by Barbara Sherf
What is an accomplished chef who has catered events for the White House and been a Food Network star doing running a tiny eatery that used to be Suzanne’s Deli in Wyndmoor?
Classically trained for more than a decade under Master Chef Jean Pierre Tardy, who was the executive chef of Le Bec-Fin for seven years, chef Barry E. Sexton, 52, also worked on creating signature dishes at Jean Pierre’s French restaurant in Newtown, Bucks County. In addition, in the 1990s he worked at Striped Bass, which was then one of the top fine dining restaurants in the city.
With over 30 years of experience in the culinary arts, Chef Sexton is now owner/operator of Barry’s Palate in Wyndmoor. He said he wanted to find a spot to call his own within 15 minutes of his Elkins Park home and had been looking for an opportunity to “wiggle his way into the community.”
So at an April, 2013, reunion of former employees at the old 21 West restaurant and The Depot, both in Chestnut Hill, Suzanne Leaming-Bagwell, owner of Suzanne’s Deli for 12 years, ran into Sexton. She had worked at The Depot, which was run by Richard Allman, who now runs the Joseph Ambler Inn. Allman’s mother, the late Mary P. Fretz, owned and operated 21 West, where chef Sexton had begun in the industry, starting as a dishwasher.
At the reunion, Bagwell, who had had some medical issues and wanted to get out of the restaurant industry, pitched Sexton on creating his own place there. “I wanted to keep that momentum going, even if I couldn’t run it,” she said. “Barry seemed like a good fit, and I’m thrilled that my regulars are still coming in. His food is amazing, and just look at the pictures on the walls.”
Gracing the walls are photos of Sexton and the Food Network’s Guy Fieri, best known for his “Diners, Drive-Ins and Dives” program, and a separate photo of a much heavier Sexton with former First Lady Laura Bush, at a fundraiser cocktail reception he had catered at the White House.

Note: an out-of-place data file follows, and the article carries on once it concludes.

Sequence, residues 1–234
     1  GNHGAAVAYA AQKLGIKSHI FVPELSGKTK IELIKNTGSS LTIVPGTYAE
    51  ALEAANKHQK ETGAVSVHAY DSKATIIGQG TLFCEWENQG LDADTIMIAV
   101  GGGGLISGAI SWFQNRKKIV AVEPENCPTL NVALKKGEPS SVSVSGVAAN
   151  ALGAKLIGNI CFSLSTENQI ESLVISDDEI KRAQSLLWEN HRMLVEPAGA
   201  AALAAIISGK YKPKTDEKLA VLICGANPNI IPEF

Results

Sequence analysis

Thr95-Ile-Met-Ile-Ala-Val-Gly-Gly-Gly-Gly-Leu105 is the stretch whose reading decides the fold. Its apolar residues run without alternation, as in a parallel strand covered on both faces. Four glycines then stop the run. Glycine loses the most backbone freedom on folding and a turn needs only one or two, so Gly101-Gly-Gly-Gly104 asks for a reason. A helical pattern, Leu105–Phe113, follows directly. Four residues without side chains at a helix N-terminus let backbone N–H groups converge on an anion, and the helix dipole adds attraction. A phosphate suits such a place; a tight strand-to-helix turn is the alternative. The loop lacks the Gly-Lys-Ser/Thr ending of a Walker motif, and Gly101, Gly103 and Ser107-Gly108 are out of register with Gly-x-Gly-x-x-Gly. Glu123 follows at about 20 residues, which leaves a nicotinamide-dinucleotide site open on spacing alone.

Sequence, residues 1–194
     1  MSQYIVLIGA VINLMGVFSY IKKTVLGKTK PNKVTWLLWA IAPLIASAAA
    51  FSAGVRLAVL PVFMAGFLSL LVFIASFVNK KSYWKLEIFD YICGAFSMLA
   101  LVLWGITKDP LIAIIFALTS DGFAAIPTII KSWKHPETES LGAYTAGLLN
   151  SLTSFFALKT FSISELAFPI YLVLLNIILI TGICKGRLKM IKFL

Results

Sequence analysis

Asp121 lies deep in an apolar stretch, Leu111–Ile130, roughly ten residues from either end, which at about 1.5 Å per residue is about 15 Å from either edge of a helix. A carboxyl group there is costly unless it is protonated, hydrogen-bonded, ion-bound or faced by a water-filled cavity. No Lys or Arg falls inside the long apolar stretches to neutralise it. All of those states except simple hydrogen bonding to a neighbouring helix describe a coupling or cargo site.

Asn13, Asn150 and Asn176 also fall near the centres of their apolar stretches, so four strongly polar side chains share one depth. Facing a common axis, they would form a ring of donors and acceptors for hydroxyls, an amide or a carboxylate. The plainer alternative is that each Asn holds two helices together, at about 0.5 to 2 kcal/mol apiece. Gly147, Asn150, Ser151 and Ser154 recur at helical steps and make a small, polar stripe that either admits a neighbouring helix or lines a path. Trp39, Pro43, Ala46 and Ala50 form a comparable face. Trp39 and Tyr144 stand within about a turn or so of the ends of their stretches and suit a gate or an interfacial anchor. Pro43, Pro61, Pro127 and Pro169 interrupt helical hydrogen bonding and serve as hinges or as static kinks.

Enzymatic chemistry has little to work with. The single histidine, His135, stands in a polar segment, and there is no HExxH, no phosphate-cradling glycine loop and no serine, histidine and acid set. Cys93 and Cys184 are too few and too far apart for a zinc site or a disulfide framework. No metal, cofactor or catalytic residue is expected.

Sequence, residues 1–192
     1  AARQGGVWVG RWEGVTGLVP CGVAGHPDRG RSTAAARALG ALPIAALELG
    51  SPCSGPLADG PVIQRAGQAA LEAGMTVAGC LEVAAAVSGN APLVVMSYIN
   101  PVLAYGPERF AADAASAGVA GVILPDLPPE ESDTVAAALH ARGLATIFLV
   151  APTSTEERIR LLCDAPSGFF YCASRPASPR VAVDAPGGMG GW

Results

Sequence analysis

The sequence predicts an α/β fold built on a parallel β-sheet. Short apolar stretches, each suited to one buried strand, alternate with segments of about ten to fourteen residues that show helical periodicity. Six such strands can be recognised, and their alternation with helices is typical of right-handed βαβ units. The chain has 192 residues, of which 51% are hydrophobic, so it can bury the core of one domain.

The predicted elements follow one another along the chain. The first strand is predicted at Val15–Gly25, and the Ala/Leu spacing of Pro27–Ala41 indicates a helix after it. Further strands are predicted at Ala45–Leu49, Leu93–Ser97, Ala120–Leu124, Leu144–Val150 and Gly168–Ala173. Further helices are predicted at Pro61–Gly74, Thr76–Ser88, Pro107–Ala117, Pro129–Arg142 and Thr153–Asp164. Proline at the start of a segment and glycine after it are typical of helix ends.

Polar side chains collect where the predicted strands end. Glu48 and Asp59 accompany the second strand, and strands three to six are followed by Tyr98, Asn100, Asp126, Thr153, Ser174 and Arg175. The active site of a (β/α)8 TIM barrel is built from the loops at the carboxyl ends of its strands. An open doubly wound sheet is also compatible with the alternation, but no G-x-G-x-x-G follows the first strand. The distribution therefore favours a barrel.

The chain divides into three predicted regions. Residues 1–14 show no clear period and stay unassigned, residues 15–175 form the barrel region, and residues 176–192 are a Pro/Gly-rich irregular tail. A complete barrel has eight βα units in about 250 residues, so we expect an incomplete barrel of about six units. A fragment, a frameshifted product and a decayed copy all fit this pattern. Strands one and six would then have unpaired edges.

How did he come into contact with these high-profile celebrities? “Through working in the industry for many years and setting up a catering company and developing a reputation and for being able to do other caterers a favor and getting favors in return,” said Sexton, who opened his own catering company, The Opinionated Palate, in 2005.
Sexton had a full four-year scholarship at the Art Institute of Philadelphia, but worked nights and weekends at 21 West from 1977 to 1984. He started at age 14 as a dishwasher and worked his way up to executive chef when he was just 21. Upon graduating from the Art Institute, he went to work for three years in a vegetarian restaurant in the Andorra Shopping Center that is no longer in existence.
“I really learned my spices and how to cook broth without meat. It was a great training ground,” he said. From there he learned grilling by working at Hamilton’s Grill Room in Lambertville, New Jersey, followed by a stint at Jean Pierre’s restaurant in Bucks County, where he worked on and off for 12 years. He also worked at Zanzibar Blue on the Avenue of the Arts and at the Round Hill Hotel and Villas resort in Jamaica.